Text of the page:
Your Coffee Might Soon Come With A Warning Label

While experts often debate whether or not coffee is healthy, one nonprofit group wants you to think twice before you sip the stuff due to an ingredient that they claim may give you cancer.

The Council for Education and Research on Toxics originally filed the lawsuit in 2010 in California, though the long delayed legal process resumed on Oct. 2, notes The Associated Press. It all centers around the carcinogen acrylamide, which occurs naturally during coffee roasting and is also present in other cooked foods like french fries.

The organization says in the lawsuit that retailers and coffee shop corporations are not following a state law that requires them to post hazardous chemical warnings on the drink and are hoping to get California coffee sellers to change their ways.

"I'm addicted -- like two-thirds of the population," said Raphael Metzger, the council's attorney, who drinks around three cups a day, according to AP. "I would like the industry to get acrylamide out of the coffee so my addiction doesn't force me to ingest it."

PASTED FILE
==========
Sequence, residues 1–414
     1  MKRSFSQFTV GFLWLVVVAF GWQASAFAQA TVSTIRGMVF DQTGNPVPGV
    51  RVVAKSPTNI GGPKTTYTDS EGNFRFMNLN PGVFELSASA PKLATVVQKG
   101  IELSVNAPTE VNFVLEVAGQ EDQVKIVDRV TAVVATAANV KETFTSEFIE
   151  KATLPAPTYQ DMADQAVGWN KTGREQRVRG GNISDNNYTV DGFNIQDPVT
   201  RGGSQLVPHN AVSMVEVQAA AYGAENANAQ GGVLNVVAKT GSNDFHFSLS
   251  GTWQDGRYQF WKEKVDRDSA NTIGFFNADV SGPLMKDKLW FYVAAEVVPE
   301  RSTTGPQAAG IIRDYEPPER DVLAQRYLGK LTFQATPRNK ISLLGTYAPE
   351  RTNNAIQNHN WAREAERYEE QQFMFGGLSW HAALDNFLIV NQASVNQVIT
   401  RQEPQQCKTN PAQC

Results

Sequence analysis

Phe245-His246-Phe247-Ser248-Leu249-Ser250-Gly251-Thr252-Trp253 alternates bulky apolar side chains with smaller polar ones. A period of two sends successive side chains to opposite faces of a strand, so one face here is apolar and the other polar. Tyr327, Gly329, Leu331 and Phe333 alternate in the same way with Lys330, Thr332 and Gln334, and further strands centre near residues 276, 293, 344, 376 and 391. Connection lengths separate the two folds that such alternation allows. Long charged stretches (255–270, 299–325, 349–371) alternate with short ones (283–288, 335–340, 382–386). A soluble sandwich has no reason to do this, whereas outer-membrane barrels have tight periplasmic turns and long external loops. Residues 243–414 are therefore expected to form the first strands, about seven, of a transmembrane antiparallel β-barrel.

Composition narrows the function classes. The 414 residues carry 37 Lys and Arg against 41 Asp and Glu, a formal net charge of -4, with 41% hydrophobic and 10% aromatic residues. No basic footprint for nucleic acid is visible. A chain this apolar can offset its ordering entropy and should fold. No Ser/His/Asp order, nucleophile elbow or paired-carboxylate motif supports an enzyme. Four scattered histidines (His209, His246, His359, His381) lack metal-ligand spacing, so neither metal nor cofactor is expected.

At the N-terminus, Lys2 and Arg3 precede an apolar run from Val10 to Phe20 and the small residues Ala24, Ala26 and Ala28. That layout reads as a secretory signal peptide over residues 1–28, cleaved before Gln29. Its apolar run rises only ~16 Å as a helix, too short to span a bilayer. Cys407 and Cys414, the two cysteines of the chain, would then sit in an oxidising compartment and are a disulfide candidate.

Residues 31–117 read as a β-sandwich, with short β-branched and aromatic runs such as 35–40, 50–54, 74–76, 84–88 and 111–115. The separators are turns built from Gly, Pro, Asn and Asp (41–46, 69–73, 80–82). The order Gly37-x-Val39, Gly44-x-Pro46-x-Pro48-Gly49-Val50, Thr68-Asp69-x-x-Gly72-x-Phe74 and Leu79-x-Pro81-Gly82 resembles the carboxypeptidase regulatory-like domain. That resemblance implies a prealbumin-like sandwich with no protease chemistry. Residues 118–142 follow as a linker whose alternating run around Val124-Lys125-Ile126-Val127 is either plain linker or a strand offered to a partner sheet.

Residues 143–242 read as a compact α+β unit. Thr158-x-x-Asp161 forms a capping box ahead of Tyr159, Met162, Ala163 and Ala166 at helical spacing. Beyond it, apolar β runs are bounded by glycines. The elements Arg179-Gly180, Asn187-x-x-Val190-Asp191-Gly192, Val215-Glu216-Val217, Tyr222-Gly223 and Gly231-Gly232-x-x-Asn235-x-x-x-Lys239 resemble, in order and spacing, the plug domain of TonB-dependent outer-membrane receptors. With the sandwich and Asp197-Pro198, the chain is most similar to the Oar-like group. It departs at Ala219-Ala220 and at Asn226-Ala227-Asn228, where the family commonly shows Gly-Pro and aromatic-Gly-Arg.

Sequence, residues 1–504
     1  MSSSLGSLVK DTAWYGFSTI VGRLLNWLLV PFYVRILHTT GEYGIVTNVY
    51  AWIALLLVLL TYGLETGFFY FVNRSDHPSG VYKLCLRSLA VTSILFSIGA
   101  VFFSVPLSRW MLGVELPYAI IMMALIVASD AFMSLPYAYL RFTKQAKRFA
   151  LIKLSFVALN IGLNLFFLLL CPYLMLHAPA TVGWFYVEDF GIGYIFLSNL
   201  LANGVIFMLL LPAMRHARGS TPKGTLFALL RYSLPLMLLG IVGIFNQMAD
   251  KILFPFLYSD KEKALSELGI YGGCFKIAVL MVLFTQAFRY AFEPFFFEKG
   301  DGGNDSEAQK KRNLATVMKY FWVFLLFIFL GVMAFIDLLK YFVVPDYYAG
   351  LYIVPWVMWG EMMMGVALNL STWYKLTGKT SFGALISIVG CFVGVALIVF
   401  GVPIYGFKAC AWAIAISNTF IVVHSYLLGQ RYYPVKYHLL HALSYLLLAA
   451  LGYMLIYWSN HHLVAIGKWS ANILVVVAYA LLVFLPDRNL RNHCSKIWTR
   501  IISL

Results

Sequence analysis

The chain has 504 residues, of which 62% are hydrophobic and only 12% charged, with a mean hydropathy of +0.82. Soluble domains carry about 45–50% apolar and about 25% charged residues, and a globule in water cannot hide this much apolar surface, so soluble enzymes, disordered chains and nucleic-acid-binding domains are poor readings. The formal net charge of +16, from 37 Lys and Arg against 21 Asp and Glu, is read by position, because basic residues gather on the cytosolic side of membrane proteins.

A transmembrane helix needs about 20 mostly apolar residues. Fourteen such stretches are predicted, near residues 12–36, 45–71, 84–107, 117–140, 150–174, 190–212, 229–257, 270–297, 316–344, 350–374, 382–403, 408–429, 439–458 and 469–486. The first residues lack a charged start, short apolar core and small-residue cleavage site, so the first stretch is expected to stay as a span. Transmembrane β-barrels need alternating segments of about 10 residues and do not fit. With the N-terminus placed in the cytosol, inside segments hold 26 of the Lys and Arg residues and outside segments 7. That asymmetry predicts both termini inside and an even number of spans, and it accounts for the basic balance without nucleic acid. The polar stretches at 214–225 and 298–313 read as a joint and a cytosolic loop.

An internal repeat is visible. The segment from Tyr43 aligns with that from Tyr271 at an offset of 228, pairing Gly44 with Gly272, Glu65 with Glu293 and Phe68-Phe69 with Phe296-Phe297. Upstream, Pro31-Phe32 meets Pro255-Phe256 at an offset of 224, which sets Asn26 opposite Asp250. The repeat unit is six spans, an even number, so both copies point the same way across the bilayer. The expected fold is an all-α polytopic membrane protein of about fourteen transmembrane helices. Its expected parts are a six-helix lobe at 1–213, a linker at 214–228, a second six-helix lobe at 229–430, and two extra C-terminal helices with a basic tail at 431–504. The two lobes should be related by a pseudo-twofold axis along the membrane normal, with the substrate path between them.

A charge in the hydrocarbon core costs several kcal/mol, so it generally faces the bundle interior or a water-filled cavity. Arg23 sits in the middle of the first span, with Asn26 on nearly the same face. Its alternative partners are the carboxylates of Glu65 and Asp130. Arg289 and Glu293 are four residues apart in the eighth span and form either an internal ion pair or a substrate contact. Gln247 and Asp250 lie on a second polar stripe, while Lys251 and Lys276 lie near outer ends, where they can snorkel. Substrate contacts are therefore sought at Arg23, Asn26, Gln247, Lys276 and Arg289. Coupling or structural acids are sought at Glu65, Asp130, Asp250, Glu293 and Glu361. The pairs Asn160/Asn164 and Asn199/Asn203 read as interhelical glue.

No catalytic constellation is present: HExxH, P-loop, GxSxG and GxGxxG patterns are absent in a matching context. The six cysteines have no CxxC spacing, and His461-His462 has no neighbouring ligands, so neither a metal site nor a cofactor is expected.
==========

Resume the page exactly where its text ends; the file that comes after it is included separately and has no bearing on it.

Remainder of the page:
Coffee companies maintain that the levels of acrylamide are low enough not to cause any hazards and that coffee's health benefits counteract any possible risky chemicals.

"Coffee is loaded with antioxidants," said Joe DeRupo, a spokesman for the National Coffee Association, according to CNN. "Many are naturally occurring antioxidants found in the coffee bean, while others are created during the roasting process. It's these compounds that science links with positive effects in reducing the risk of several diseases."

Indeed, some studies have shown that coffee helps lower the risk of contracting diseases like skin cancer, Alzheimer's, type 2 diabetes, liver disease and colorectal cancer.

Still, a cup of joe might not be safe for everyone. Pregnant women and those with heart problems should limit their coffee consumption to be safe, for reasons unrelated to acrylamide.

If found guilty of failing to post the warnings, the 90-some defendants could be forced to pay massive sums up to $2,500 per each person exposed per day, notes AP.

In order to show that coffee doesn't need such a disclaimer, the defense must prove that the fewer than one out of every 100,000 coffee drinkers will face elevated cancer risks from the drink.